5. Integrity Check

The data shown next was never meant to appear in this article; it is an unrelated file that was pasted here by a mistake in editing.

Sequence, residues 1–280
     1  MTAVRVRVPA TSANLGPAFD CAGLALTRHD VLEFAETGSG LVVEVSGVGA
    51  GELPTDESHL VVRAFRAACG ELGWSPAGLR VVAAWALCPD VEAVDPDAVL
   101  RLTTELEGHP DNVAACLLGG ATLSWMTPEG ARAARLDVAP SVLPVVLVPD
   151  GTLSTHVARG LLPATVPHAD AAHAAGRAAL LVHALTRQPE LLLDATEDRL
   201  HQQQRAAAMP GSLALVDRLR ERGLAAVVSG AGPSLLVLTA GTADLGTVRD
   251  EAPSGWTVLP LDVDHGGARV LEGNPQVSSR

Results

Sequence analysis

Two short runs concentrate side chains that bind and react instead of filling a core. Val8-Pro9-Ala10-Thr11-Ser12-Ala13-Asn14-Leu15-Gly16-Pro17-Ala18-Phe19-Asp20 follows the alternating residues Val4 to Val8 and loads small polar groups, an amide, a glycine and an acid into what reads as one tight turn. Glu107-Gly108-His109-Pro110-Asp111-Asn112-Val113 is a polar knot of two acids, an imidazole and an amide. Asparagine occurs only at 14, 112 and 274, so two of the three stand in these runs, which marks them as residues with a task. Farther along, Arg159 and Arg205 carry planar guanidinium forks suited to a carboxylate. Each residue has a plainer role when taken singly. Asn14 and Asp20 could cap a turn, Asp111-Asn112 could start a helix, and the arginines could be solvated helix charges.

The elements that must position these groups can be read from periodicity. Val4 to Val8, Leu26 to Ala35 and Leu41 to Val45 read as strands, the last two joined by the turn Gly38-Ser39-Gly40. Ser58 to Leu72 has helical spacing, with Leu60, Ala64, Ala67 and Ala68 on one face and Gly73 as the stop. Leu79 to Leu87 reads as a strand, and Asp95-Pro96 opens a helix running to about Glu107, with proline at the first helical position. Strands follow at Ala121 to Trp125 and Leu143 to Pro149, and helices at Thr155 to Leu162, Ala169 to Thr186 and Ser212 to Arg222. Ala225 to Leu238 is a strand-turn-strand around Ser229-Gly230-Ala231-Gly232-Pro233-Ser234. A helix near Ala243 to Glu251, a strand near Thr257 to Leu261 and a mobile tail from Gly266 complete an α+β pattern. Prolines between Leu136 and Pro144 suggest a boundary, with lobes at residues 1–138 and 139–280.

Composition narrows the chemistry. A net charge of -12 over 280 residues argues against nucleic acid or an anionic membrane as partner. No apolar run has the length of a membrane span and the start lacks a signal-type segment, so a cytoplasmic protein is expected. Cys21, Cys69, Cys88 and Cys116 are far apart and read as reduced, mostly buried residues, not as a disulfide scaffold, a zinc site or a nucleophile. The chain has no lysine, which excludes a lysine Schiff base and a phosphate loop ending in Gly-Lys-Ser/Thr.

A secret key scheme can be used to generate a fixed-length cryptographic checksum associated with a message. This is a rather no intuitive use of secret key technology. What is a checksum? An ordinary (no cryptographic) checksum protects against accidental corruption of a message. The original derivation of the term checksum comes from the operation of breaking a message into fixed-length blocks (for instance, 32-bit words) and adding them up. The sum is sent along with the message. The receiver similarly breaks up the message, repeats the addition, and checks the sum. If the message had been garbled en route, the sum will not match the sum sent and the message is rejected, unless, of course, there were two or more errors in the transmission that canceled one another. It turns out this is not terribly unlikely, given that if flaky hardware turns a bit off somewhere, it is likely to turn a corresponding bit on somewhere else. To protect against such “regular” flaws in hardware, more complex checksums called CRCs were devised. But these still only protect against faulty hardware and not an intelligent attacker. Since CRC algorithms are published, an attacker who wanted to change a message could do so, compute the CRC on the new message, and send that along. To provide protection against malicious changes to a message, a secret checksum algorithm is required, such that an attacker not knowing the algorithm can’t compute the right checksum for the message to be accepted as authentic. As with encryption algorithms, it’s better to have a common (known) algorithm and a secret key. This is what a cryptographic checksum does. Given a key and a message, the algorithm produces a fixed-length message integrity code (MIC) that can be sent with the message. If anyone were to modify the message, and they didn’t know the key, they would have to guess a MIC and the chance of getting it right depends on the length. A typical MIC is at least 48 bits long, so the chance of getting away with a forged message is only one in 280 trillion (or about the chance of going to Las Vegas with a dime and letting it ride on red at the roulette table until you have enough to pay off the U.S. national debt). Such message integrity codes have been in use to protect the integrity of large interbank electronic funds transfers for quite some time. The messages are not kept secret from an eavesdropper, but their integrity is ensured